Found on RunnersWorld.com and written by Susan Paul
Mastering the maintenance phase of training is key to staying fit.
I completed my first marathon a couple of weeks ago. I feel like I have recovered and am ready to return to some training; however, I’m not sure what mileage to be running. I am between races and not really training for anything at the moment. I will probably target another marathon late fall or early winter. I know I don’t need long mileage now, but I want to retain my fitness and be prepared to build up to marathon mileage again in a couple of months. How do I do that? Any suggestions?
Congratulations to you!! Completing your first marathon is good stuff! Your question is great and comes at a very good time for many marathoners who have also just completed a spring marathon.
How can runners cut back on their training and still maintain fitness and speed in preparation for the next training cycle? If you stop training completely, obviously your fitness will decrease significantly within a fairly short period of time, like two to three weeks. Conversely, we cannot maintain high marathon mileage either without risking injury, burn out, and fatigue.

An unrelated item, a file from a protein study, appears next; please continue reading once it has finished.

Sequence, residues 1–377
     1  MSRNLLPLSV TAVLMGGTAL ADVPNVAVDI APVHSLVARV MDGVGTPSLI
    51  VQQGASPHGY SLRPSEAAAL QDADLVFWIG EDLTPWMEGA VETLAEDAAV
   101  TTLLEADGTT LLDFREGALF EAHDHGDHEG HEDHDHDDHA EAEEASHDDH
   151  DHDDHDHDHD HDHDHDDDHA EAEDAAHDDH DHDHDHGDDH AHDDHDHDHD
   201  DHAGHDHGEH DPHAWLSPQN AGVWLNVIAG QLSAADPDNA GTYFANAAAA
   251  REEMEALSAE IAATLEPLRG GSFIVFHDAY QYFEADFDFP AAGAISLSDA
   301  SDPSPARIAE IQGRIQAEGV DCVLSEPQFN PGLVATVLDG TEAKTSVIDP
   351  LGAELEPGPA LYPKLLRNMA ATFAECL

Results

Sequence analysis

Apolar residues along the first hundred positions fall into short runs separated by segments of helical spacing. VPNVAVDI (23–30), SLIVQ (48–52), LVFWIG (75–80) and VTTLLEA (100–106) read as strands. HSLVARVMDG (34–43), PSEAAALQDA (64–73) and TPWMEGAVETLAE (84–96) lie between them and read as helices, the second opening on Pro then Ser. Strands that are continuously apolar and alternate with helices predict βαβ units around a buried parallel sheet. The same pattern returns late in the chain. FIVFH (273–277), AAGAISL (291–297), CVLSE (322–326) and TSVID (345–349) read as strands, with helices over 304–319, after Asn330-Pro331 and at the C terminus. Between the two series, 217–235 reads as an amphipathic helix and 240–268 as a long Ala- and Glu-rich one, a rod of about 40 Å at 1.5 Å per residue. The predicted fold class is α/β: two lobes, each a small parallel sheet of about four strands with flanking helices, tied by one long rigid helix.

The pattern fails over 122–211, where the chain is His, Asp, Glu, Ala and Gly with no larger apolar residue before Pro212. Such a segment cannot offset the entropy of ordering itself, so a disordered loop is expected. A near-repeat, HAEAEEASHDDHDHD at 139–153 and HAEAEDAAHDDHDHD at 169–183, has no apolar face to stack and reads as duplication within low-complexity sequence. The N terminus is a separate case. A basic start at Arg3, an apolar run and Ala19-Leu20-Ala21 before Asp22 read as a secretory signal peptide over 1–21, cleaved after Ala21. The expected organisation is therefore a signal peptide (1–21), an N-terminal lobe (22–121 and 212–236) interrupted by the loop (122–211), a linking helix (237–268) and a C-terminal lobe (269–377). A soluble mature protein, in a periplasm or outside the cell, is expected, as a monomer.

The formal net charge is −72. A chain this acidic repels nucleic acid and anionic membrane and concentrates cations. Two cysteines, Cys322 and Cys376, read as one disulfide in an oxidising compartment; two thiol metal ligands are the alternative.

You are in the “maintenance” phase of the training cycle. It’s difficult to know just how much to train in between goal races. However, it’s possible to sustain your current level of fitness by training at a reduced level, even for several months. The key is finding the minimum level of training that prevents you from losing any of your hard-earned physiological adaptations; yet, also allows you rest and recovery from higher mileage. Research indicates the key lies in reducing the volume of your training. Volume refers to the frequency and/or the distance of our running, while still maintaining the intensity. In this way, a runner’s aerobic conditioning can be maintained for as long as three to four months.
By cutting back on the volume of your training by one third, you’ll be able to maintain your fitness level until you are ready to ramp up again. This means while in maintenance mode, keep your training intensity at your normal training level while shortening your training runs or cutting back on the number of days you run. For example, if you were running five or six days a week, try running three days a week. Training two days per week would be the bare minimum. Another option is to reduce your weekly mileage by about 40 percent from your highest mileage weeks. Your long run of the week should be 12 miles; this is just long enough to retain your endurance, but short enough to avoid wearing you out.
Susan S. Paul, MS
Susan Paul has coached more than 2,000 runners and is an exercise physiologist and program director for the Orlando Track Shack Foundation. For more information, visit www.trackshack.com.